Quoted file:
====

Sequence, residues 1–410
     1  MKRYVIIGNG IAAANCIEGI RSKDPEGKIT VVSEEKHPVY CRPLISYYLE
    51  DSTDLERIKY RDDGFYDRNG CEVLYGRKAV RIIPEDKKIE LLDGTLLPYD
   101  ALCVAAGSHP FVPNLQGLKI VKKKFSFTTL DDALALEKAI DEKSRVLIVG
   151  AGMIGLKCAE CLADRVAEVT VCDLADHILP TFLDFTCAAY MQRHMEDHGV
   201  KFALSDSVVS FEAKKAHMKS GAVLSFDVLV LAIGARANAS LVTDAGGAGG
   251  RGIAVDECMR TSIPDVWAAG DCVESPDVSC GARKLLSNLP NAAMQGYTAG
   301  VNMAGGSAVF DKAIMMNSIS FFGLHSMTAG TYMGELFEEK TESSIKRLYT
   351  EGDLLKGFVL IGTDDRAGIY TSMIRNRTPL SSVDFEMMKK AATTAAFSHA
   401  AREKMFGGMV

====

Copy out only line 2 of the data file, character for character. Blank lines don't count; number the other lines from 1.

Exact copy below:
     1  MKRYVIIGNG IAAANCIEGI RSKDPEGKIT VVSEEKHPVY CRPLISYYLE